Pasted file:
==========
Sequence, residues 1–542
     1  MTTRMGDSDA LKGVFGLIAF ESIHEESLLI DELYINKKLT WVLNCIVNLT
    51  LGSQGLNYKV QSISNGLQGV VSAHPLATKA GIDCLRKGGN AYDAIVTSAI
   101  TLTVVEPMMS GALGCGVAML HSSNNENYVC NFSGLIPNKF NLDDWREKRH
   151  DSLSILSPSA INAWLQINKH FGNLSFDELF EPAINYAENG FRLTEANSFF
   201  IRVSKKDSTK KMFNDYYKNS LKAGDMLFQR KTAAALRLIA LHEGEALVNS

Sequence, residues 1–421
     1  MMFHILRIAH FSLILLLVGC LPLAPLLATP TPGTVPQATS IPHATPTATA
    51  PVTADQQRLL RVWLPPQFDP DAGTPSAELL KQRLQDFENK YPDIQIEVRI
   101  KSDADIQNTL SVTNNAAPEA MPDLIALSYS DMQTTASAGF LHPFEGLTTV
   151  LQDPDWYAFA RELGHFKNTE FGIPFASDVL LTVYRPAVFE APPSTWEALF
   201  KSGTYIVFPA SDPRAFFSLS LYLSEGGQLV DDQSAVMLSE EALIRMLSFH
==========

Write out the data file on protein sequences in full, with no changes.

Sequence, residues 1–542
     1  MTTRMGDSDA LKGVFGLIAF ESIHEESLLI DELYINKKLT WVLNCIVNLT
    51  LGSQGLNYKV QSISNGLQGV VSAHPLATKA GIDCLRKGGN AYDAIVTSAI
   101  TLTVVEPMMS GALGCGVAML HSSNNENYVC NFSGLIPNKF NLDDWREKRH
   151  DSLSILSPSA INAWLQINKH FGNLSFDELF EPAINYAENG FRLTEANSFF
   201  IRVSKKDSTK KMFNDYYKNS LKAGDMLFQR KTAAALRLIA LHEGEALVNS

Sequence, residues 1–421
     1  MMFHILRIAH FSLILLLVGC LPLAPLLATP TPGTVPQATS IPHATPTATA
    51  PVTADQQRLL RVWLPPQFDP DAGTPSAELL KQRLQDFENK YPDIQIEVRI
   101  KSDADIQNTL SVTNNAAPEA MPDLIALSYS DMQTTASAGF LHPFEGLTTV
   151  LQDPDWYAFA RELGHFKNTE FGIPFASDVL LTVYRPAVFE APPSTWEALF
   201  KSGTYIVFPA SDPRAFFSLS LYLSEGGQLV DDQSAVMLSE EALIRMLSFH